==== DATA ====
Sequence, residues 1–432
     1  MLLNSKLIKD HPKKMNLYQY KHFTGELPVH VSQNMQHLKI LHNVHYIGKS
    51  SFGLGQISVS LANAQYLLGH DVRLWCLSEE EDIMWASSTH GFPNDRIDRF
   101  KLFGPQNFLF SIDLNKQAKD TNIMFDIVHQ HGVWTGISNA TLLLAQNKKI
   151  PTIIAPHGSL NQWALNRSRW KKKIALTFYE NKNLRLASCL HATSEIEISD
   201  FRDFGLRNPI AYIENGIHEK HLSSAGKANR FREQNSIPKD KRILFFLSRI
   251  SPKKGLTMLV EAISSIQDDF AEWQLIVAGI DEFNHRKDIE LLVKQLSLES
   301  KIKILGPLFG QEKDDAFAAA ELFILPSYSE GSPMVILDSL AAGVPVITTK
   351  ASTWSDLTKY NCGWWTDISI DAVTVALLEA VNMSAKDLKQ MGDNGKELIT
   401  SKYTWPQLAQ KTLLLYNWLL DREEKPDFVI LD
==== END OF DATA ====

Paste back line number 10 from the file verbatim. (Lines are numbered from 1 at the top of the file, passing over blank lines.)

   401  SKYTWPQLAQ KTLLLYNWLL DREEKPDFVI LD